Global representatives gathered in Nairobi, Kenya, at the 5th United Nations Environmental Assembly session this week. Consent on a need for a new global treaty on plastic waste pollution was achieved there. A legally binding international instrument to tackle plastic pollution is supposed to be constituted by 2024. This is a great milestone for campaigners including IPEN and the Arnika Association, as they had prepared a series of studies providing arguments that an urgent solution to the plastic crisis is necessary.
“Our research shows that local people in many countries are exposed to toxic substances in plastic waste. On the basis of previous studies, we know that even Czechia and the EU countries are no exception,” the author, Jitka Straková from IPEN and Arnika, says and further explains: “They suffer from their plastic waste policy that allows imports of goods made of recycled materials containing chemicals that were banned a long time ago. The toxic-free circular economy of plastics is an illusion for now.”
Despite the general consent of the assembly, there were tough negotiations about the details of the agreement. Should the international instrument be legally binding or not, and should it cover all plastic pollution or focus on marine litter? In the end, the representatives consented that an International Negotiating Committee should be set up this year and the negotiations will start in Nairobi. Their work shall be finished by 2024.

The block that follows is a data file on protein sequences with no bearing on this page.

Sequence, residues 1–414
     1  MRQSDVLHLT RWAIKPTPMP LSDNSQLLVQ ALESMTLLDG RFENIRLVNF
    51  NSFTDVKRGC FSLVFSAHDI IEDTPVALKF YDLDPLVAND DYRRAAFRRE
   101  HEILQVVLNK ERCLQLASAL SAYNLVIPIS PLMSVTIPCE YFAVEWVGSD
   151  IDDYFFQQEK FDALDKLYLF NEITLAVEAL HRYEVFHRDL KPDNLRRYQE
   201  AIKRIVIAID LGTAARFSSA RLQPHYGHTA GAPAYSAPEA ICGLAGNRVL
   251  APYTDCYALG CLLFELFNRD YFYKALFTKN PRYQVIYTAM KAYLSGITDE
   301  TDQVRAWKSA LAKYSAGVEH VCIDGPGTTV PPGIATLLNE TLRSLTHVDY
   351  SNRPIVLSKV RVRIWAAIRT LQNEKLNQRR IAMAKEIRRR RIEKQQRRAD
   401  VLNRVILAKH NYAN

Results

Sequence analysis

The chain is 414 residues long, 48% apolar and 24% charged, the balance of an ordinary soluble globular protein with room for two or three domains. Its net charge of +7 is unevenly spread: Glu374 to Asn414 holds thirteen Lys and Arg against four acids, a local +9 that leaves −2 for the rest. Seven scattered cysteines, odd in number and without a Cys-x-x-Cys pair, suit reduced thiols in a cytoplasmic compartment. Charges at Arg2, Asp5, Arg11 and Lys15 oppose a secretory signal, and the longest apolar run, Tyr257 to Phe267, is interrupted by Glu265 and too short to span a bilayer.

Day by day, there is more and more evidence about the undeniable harms caused by plastic waste. Not only by the pollution itself but by releasing dangerous additives from plastic products as well. That is why the Arnika Association, together with IPEN, have been providing arguments for prohibiting dangerous chemicals in plastics for a long time. The toxic substances are already released into the environment during the production process of plastic materials. Furthermore, they contaminate the environment during the process of their disposal.
Roughly 300 million tons of plastic waste is produced globally per year. Of this, 11 million tons end up in oceans. We need to stop thinking that plastic pollution is not an isolated challenge. It is a single part of a cluster of problems such as biodiversity loss, chemical pollution, and climate change.
Check out IPEN´s publication on toxic plastics as a threat to the circular economy: